People (ALL people!) should be able to express their concerns to their representatives, even if it’s a pointed critique, without having to worry that their representative will screen-shot the contact information they put in and use it to publicly shame them. (I would consider exempting messages that used epithets — except, look. There’s literally no confirmation on that page that you’re even putting in your own name and address. Someone who’s going to send epithets is probably also going to use a false name.)
Anyway, some of these constituents filed an ethics complaint. It dragged on for a while, and then dragged on some more. In September 2016, Cano sent a letter to her colleagues saying:
I disagree with the findings and have kept screen shots of the ways other council members including CM Frey, Bender, Glidden, Abdi, and others have used city property for “political” purposes. If the Council votes to approve the ethics findings I will speak out against the vote and and circulate a press release to the media about the issue with the screenshots I’ve gathered since January of 2016.
(I remember the MoA protest and I remember the uproar over the doxing and reading the blackmail letter, I kept thinking, “how did I miss this at the time?” and then I saw this came out in September of 2016. We were all slightly distracted.)
About a month after that, the City Council dismissed the ethics complaint. So either they decided it was groundless, or they were really worried about whatever she might have screen shots of. (They also stated that she’d violated the spirit of the rules, even if it wasn’t technically against them.)
Seriously, though: this whole thing was so far over the line that I cannot imagine voting for her.
I’m also not entirely clear on why she has as golden a progressive reputation as she has. She endorsed Jacob Frey for mayor, and showed up the other day on someone’s Twitter thread to argue that Frey did not swing the vote for the City Council Presidency to Barb Johnson over Elizabeth Glidden. (Yes, it was officially a unanimous vote. The actual fight took place unofficially.) Cano was an early supporter of the $15 minimum but she was against it, or at least really uncertain whether it was even legal, before she was for it.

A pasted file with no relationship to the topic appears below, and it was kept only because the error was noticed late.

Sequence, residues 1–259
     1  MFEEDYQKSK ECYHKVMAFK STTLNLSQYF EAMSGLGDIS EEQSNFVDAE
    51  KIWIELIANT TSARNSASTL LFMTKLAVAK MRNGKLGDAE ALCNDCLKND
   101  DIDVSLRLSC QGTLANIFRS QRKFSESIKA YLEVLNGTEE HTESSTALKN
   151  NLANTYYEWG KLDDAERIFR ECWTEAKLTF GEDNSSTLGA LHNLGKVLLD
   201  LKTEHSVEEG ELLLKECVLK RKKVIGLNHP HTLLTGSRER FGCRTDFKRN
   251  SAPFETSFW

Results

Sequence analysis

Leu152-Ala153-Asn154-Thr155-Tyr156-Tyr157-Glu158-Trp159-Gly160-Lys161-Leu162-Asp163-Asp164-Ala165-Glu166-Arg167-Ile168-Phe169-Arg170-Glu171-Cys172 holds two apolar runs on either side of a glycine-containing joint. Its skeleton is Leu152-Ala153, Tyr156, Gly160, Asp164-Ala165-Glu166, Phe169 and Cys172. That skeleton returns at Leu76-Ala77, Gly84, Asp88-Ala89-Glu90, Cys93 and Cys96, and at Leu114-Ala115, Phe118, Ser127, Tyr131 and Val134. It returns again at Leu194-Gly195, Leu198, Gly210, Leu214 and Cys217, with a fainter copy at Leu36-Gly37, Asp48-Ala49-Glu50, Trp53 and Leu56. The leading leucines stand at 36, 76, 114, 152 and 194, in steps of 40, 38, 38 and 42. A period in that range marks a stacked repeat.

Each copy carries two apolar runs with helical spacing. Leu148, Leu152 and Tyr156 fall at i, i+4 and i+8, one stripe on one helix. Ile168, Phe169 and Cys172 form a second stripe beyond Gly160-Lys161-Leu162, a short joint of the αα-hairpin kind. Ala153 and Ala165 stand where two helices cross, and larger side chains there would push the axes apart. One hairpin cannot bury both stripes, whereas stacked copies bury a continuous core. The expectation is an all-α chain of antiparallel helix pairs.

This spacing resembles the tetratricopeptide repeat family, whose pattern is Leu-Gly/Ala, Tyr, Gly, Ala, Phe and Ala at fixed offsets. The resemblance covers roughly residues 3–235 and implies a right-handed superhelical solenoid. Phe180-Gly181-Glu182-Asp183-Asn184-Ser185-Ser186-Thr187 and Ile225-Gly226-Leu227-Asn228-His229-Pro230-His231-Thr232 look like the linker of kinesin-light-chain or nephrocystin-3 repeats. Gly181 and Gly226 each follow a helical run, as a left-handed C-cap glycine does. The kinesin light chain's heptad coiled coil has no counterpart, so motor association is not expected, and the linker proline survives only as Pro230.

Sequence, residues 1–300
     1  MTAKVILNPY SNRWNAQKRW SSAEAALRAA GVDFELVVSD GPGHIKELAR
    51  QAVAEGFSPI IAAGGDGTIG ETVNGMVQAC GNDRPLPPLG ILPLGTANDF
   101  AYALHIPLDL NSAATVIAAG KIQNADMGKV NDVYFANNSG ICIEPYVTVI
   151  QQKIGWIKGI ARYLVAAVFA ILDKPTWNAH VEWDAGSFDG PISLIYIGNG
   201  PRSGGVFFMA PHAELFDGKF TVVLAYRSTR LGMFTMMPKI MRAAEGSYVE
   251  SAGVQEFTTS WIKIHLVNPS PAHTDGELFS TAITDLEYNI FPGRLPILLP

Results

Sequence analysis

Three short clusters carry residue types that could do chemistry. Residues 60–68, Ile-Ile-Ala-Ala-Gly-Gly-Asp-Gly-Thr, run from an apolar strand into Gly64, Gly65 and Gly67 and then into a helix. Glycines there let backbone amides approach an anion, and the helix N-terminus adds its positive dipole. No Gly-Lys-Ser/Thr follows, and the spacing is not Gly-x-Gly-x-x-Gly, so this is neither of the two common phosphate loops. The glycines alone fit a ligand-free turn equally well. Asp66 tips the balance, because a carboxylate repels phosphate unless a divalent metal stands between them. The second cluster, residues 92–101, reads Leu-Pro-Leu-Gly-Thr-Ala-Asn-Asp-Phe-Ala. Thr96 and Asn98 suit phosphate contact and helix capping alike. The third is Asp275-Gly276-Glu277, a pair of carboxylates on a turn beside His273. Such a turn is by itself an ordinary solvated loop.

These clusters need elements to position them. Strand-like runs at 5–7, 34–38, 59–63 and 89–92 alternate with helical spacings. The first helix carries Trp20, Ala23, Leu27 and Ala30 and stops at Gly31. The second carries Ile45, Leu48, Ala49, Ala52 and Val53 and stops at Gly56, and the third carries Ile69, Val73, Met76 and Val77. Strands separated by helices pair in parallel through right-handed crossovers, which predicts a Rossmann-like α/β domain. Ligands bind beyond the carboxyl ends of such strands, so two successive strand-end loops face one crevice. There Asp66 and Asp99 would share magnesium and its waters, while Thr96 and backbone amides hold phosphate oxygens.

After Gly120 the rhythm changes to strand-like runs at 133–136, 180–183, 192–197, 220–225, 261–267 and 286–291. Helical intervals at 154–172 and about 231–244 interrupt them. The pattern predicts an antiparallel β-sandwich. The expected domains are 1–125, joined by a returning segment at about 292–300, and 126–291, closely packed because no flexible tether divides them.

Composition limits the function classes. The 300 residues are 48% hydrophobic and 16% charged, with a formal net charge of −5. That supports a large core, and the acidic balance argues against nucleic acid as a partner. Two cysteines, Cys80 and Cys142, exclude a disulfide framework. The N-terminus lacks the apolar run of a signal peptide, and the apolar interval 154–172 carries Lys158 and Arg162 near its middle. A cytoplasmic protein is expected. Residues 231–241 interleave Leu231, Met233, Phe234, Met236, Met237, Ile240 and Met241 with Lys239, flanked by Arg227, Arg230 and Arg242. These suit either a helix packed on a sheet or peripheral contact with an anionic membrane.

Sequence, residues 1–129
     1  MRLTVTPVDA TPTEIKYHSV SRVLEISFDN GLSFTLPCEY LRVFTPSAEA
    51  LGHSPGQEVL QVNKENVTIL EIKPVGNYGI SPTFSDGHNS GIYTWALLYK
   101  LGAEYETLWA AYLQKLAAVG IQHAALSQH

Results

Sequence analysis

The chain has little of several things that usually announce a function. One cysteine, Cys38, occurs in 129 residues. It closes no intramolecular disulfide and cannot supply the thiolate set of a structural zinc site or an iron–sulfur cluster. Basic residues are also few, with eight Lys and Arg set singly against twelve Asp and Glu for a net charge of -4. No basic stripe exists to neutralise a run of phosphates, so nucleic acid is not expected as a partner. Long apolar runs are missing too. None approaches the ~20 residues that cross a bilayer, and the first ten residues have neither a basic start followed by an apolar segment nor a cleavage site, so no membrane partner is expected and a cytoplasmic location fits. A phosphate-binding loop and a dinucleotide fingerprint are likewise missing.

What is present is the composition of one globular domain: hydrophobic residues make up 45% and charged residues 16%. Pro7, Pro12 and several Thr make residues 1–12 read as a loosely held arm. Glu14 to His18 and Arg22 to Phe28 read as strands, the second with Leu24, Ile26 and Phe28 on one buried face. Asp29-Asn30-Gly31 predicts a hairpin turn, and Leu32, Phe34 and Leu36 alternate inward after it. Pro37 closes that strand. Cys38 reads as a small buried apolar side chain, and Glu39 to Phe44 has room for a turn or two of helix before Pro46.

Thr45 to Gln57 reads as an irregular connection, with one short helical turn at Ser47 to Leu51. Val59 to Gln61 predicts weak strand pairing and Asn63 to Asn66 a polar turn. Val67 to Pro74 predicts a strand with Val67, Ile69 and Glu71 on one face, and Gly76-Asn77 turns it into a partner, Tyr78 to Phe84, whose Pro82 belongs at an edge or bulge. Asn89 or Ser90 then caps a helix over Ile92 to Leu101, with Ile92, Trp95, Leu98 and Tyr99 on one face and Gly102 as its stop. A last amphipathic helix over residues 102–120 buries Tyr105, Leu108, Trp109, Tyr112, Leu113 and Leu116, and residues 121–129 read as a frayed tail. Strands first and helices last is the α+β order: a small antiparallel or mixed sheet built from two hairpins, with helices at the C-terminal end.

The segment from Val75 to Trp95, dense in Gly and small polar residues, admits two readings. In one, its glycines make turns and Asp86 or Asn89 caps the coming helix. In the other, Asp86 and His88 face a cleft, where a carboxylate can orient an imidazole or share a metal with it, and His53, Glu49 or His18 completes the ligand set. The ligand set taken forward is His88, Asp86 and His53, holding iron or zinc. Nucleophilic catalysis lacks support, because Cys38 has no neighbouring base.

Before moving on, I want to talk about the kerfluffle over the DFL endorsement — mostly because I think the controversy was bizarre. Mohamed Farah lost the DFL endorsement to Alondra Cano after a contentious process and a lot of complaints from one of her opponents. I’m going to get into the weeds on this a bit because I am a lot more expert on DFL conventions than (for instance) solar panels. From the article:
At issue was a party rule that prevents adjournment until 3 p.m. or until at least four ballots had been taken — whichever happened first. Some delegates interpreted that as a requirement that the meeting adjourn when either of these thresholds was reached, not simply that it could be adjourned once one of those things happened.
It’s not clear from the article if this was a genuine misunderstanding on the part of these delegates, or if this was a “misunderstanding” for the purpose of justifying some maneuvering to try to thwart endorsement. Because “you can adjourn after 3 p.m. or 4 ballots” always means, “you have to stick around at least this long, after which you may adjourn, if you choose.” It does not ever mean, “convention ends at 3 p.m., the end.” If you were actually going to institute a “meeting ends at 3 p.m.” rule, you might as well just toss the whole endorsement process, because unless someone wins on the very first ballot, dragging things out past 3 p.m. would be easy. (These meetings are run with parliamentary procedure. There are many ways to slow things down using parliamentary procedure.)